The Case for a U.S. No-First-Use Policy

A scene from Stanley Kubrick’s classic 1964 film “Dr. Strangelove.” Credit: Sony/Columbia Pictures

By Daryl G. Kimball

Stanley Kubrick’s classic 1964 film “Dr. Strangelove” delivers an eerily accurate depiction of the absurd logic and catastrophic risks of U.S. and Russian Cold War nuclear deterrence strategy, but for one key detail: President Merkin Muffley was wrong when he said, “It is the avowed policy of our country never to strike first with nuclear weapons.” But it should be.

Fortunately, the nuclear “doomsday machine” has not yet been unleashed. Arms control agreements have led to significant, verifiable reductions in the U.S. and Russian nuclear arsenals, the two countries have ceased nuclear testing, and they have tightened checks on nuclear command and control.

But the potential for a catastrophic nuclear war remains. The core elements of Cold War-era U.S. nuclear strategy are largely the same, including the option to use nuclear weapons first and the maintenance of prompt-launch policies that still give the president unchecked authority to order the use of nuclear weapons.

Today, the United States and Russia deploy massive strategic nuclear arsenals consisting of up to 1,550 warheads on each side, as allowed under the 2010 New Strategic Arms Reduction Treaty. These numbers greatly exceed what it would take to decimate the other side and are far larger than required to deter a nuclear attack.

Worse still, each side maintains the capability to fire a significant portion of its land- and sea-based missiles promptly and retains plans to launch these forces, particularly land-based missiles, under attack to guard against a “disarming” first strike. U.S. and Russian leaders also still reserve the option to use nuclear weapons first.

As a result, President Donald Trump, whom Defense Secretary Jim Mattis reportedly described as having the intellect of a “fifth- or sixth-grader,” has the authority to order the launch of some 800 nuclear warheads within about 15 minutes, with hundreds more weapons remaining in reserve. No other military or civilian official must approve the order. Congress currently has no say in the matter.

Continuing to vest such destructive power in the hands of one person is undemocratic, irresponsible, unnecessary and increasingly untenable. Cavalier and reckless statements from Trump about nuclear weapons use only underscore the folly of vesting such unchecked authority in one person.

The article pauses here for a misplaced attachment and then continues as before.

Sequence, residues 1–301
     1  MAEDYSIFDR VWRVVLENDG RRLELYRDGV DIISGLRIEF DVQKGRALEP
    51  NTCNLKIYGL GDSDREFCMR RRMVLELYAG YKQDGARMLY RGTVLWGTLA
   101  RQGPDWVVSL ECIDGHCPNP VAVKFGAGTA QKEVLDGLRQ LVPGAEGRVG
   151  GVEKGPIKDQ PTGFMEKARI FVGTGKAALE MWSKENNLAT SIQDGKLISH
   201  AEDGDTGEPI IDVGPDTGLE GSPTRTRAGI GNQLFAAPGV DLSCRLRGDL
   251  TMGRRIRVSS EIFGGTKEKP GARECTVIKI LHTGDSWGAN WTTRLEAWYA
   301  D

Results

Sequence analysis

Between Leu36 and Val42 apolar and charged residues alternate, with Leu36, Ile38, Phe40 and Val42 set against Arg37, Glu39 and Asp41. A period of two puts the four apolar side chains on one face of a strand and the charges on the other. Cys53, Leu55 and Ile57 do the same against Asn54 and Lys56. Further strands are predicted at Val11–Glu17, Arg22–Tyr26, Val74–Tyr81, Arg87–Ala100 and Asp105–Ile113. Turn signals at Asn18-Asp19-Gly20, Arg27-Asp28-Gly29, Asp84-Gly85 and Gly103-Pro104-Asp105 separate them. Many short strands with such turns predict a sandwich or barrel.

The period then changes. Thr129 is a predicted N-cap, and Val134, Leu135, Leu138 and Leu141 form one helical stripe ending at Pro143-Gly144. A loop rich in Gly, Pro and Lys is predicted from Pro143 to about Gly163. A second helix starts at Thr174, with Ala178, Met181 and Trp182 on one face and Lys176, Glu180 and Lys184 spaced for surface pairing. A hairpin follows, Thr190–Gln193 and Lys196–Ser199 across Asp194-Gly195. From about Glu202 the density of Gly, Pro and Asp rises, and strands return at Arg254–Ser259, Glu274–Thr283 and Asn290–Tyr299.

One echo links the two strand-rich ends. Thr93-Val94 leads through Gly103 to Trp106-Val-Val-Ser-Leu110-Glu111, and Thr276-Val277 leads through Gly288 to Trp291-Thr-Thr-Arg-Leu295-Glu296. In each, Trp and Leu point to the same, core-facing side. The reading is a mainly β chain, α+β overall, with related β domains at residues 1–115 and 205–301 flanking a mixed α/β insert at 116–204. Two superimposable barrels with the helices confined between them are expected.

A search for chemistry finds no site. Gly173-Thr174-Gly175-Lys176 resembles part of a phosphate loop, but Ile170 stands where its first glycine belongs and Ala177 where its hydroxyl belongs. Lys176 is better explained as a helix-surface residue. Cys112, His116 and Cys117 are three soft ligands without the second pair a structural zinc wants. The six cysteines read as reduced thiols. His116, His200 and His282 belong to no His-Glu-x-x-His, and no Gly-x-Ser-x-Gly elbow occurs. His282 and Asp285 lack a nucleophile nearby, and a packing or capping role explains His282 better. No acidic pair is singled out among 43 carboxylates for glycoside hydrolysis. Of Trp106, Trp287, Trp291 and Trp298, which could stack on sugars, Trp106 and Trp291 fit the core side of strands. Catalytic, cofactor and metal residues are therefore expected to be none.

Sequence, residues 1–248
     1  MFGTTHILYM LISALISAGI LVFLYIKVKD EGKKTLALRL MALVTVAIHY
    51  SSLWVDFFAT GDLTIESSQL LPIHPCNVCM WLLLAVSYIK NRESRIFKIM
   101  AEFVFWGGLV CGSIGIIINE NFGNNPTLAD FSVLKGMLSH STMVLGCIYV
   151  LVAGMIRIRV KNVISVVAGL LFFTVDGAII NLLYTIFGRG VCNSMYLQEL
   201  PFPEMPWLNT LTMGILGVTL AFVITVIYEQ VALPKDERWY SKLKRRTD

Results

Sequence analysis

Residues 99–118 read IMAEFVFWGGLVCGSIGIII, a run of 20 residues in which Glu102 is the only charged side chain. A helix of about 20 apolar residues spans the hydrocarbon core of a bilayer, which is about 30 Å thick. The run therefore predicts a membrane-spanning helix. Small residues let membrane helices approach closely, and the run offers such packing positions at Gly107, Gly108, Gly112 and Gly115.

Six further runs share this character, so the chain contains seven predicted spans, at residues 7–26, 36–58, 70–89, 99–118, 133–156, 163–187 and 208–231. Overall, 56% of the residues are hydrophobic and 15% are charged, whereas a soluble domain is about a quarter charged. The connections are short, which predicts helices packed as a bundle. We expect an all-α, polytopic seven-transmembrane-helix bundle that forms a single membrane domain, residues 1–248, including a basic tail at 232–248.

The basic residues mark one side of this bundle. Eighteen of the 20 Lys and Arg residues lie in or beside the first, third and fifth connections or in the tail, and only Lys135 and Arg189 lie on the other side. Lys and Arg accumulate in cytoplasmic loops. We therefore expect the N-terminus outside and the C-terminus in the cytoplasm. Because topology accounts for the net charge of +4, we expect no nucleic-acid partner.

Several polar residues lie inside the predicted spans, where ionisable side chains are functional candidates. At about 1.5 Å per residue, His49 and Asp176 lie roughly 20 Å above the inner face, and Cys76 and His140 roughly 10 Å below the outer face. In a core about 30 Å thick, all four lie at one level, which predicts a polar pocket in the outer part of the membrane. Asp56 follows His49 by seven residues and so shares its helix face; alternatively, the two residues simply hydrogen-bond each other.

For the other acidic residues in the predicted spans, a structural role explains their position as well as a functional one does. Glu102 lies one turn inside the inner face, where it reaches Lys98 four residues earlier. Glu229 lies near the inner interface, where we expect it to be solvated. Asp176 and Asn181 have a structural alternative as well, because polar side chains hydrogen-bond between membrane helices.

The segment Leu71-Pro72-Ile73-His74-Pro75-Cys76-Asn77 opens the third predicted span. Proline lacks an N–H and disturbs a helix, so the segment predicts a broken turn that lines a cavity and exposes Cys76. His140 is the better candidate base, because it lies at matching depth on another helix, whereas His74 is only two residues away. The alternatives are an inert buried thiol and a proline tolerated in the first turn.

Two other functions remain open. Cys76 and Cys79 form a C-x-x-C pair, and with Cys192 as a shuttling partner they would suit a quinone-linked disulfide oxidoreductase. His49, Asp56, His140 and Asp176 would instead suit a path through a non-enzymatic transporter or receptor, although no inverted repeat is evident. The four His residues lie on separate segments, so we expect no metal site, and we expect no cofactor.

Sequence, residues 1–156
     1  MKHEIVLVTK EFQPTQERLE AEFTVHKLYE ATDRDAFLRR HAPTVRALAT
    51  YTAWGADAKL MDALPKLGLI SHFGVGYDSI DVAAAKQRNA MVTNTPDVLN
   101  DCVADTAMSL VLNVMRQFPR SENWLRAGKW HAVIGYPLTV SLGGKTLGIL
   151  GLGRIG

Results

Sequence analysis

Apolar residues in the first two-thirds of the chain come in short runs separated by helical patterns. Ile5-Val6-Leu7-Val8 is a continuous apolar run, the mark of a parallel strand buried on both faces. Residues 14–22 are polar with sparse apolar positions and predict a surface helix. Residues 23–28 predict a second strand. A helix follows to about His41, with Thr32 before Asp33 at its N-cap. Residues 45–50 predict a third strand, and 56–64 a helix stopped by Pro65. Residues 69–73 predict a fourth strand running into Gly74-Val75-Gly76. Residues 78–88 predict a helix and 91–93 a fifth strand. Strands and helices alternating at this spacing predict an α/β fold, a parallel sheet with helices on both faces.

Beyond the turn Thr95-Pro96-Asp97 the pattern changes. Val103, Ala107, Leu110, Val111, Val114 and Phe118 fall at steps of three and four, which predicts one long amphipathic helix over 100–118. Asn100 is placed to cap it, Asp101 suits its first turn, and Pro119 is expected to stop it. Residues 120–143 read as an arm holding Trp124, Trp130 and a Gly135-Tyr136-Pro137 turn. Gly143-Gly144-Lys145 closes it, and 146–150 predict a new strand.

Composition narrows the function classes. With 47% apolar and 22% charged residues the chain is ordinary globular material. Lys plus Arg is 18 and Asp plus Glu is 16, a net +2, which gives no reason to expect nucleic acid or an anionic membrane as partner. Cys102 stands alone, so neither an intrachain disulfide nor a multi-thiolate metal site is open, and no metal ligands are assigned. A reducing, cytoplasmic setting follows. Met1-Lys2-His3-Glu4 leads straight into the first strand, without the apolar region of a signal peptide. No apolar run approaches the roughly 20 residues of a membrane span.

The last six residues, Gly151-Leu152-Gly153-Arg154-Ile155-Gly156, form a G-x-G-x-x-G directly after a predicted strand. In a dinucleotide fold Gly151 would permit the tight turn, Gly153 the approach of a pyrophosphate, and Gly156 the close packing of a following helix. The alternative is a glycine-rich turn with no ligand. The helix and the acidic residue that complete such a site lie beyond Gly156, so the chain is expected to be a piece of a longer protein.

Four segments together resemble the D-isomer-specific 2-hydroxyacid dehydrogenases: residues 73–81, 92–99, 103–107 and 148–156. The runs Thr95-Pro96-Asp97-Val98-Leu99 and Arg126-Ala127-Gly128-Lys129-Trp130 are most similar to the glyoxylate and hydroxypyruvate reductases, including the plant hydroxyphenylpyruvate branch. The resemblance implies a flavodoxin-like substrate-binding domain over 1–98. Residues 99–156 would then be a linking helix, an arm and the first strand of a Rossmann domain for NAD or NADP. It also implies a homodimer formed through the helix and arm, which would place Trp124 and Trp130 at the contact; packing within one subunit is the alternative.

Making matters worse, the Trump administration’s Nuclear Posture Review expands the range of contingencies and options for potential nuclear use and proposes the development of “more-usable” low-yield nuclear weapons in order to give the president the flexibility to respond quickly in a crisis, including by using nuclear weapons first in response to a non-nuclear attack.

The reality is that a launch-under-attack policy is unnecessary because U.S. nuclear forces and command-and-control systems could withstand even a massive attack. Given the size, accuracy, and diversity of U.S. forces, the remaining nuclear force would be more than sufficient to deliver a devastating blow to any nuclear aggressor.

In addition, keeping strategic forces on launch-under-attack mode increases the risk of miscalculation and misjudgment. Throughout the history of the nuclear age, there have been several incidents in which false signals of an attack have prompted U.S. and Russian officials to consider, in the dead of the night and under the pressure of time, launching nuclear weapons in retaliation. No U.S. leader should be put in a situation that could lead to the use of nuclear weapons based on false information.

Retaining the option to use nuclear weapons first is fraught with unnecessary peril. Given the overwhelming conventional military edge of the United States and its allies, there is no plausible circumstance that could justify legally, morally, or militarily the use of nuclear weapons to deal with a non-nuclear threat. Even in the event of a conventional military conflict with Russia, China, or North Korea, the first use of nuclear weapons would be counterproductive because it likely would trigger an uncontrollable, potentially suicidal all-out nuclear exchange.

Some in Washington and Brussels believe Moscow might use or threaten to use nuclear weapons first to try to deter NATO from pressing its conventional military advantage in a conflict. Clearly, a nuclear war cannot be won and should not be initiated by either side. The threat of first use, however, cannot overcome perceived or real conventional force imbalances and are not an effective substitute for prudently maintaining U.S. and NATO conventional forces in Europe.